Three North Carolina appellate judges ruled unanimously yesterday morning against the state and university’s bid to dismiss an ACC lawsuit to force the university to pay a $52 million exit fee when it leaves for the Big Ten in July, as first reported by the Associated Press.
The university has argued that the exit fee is unreasonably high, and with the court’s dismissal, that argument with the conference will continue until the parties reach an agreement or North Carolina’s judiciary does so for them.
In September 2012, about two months before the university announced it would move to the Big Ten, the ACC’s Council of Presidents voted to increase the conference’s exit fee from about $17.4 million to $52.3 million, valued by the appellate court at three times the conference’s annual operating budget.
University President Wallace Loh voted against the increase, but the court ruled that each of the conference’s schools, including this university, have agreed to hold to the greater fee.
David Paulson, a spokesman for state Attorney General Doug Gansler, said the state was still deciding a path forward, but it has joined the case to defend the university.
“The appeals court ruling in North Carolina remains under review, and the state is looking at its options,” Paulson said. “It’s considering options moving forward.”
The state and university could appeal the appellate ruling by trying to send the case to North Carolina’s supreme court, or they could accept this ruling. If the appellate ruling goes uncontested, the case will proceed toward trial.
The university has also filed its own suit against the ACC in Upper Marlboro. University officials said the conference has been withholding the university’s share of conference revenue since the university announced its exit from the ACC. That case stagnated pending resolution of the North Carolina case.
The fundamental issue is whether the university will be forced to pay the original $17 million exit fee, the increased $52 million or somewhere in the middle.
“The bottom floor for them is $17 million and change. Anything above that is really gravy for them,” said Bradley Shear, a sports lawyer and sports management professor at George Washington University. “At the end of the day, it’s not in dispute that Maryland’s going to owe at least $17 million.”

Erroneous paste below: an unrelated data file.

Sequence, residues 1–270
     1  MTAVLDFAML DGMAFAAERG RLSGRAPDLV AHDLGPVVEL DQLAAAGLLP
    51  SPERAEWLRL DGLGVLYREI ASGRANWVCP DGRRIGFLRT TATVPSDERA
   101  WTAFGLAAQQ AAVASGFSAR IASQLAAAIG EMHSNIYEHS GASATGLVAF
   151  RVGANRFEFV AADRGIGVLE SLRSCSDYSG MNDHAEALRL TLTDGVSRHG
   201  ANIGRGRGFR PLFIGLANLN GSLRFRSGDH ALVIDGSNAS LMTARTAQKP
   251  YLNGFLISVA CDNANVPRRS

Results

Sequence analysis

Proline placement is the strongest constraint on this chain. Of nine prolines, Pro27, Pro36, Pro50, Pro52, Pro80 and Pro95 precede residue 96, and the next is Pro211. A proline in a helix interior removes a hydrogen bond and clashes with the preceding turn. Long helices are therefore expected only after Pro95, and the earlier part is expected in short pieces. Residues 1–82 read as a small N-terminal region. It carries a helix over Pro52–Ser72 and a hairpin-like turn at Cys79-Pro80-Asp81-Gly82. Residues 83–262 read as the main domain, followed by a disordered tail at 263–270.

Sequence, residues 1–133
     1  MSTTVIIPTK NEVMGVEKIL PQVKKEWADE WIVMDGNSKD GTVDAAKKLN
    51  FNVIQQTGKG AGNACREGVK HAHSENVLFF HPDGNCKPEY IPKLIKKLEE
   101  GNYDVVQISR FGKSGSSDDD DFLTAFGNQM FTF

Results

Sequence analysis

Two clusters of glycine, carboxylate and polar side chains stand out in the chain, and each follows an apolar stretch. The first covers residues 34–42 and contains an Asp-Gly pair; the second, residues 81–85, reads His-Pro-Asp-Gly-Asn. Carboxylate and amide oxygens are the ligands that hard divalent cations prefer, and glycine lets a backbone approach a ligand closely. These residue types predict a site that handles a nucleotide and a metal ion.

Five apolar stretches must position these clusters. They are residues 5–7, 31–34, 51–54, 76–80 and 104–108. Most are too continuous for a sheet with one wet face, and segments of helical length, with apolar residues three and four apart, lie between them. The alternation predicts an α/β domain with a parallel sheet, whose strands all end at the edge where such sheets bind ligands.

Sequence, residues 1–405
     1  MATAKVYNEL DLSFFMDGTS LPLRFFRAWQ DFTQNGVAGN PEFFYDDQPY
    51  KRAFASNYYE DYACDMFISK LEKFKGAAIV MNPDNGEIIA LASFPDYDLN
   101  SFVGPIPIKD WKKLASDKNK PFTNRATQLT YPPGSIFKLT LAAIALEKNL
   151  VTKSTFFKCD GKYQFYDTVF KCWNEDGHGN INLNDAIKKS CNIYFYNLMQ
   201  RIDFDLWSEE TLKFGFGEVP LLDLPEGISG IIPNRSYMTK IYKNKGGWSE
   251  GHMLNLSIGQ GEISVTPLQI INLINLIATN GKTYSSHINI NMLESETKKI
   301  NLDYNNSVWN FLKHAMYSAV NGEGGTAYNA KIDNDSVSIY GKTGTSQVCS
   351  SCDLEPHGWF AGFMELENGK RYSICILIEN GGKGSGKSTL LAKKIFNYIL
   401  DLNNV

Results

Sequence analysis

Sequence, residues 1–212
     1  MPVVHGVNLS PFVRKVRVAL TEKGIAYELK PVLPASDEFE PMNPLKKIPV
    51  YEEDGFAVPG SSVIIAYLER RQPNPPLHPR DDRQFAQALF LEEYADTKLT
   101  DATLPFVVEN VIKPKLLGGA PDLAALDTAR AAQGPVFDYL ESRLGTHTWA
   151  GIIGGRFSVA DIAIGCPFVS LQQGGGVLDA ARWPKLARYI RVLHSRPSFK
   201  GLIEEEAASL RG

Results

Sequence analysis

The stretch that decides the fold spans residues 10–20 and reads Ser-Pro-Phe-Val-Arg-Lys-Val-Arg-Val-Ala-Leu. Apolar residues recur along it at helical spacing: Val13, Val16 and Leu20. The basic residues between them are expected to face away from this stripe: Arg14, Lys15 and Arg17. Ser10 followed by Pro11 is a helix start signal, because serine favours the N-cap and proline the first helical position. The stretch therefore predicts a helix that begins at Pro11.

Shear added that the university should remain well positioned as the lawsuit moves forward.
He cited the ACC’s constitution for the 2012-13 academic year, which says that conference rule changes become effective the July 1 after enactment. Because the fee increase was approved in September 2012 and the university announced its move in November 2012, Shear said, the tripled fee shouldn’t apply.
“Maryland has a superior long-term hand in this,” Shear said.
But critics can make a strong argument as well, he said. The university is not officially leaving the ACC until next year, long past July 1, 2013, and the ACC could argue that the $52 million fee is in effect, he said.
Shear said the case has become a turf war between the Big Ten and the ACC, which is frustrated over the Midwestern conference’s “poaching” of the Terrapins.
“That’s what a lot of the media has really missed, in my opinion,” he said, describing the ACC’s thought process as, “‘You poached Maryland; OK, that’s fine. We’re going to take this as far as we can.’”
According to Shear, the parties should settle the dispute themselves — as usually occurs in this sort of case — because “the only people winning if this drags on are the lawyers,” he said, adding that the conference and university could better invest their time and money in students and student-athletes.
“At the end of the day, the only people that lose are the students because they’re the ones whose resources were put toward this mess of litigation,” he said.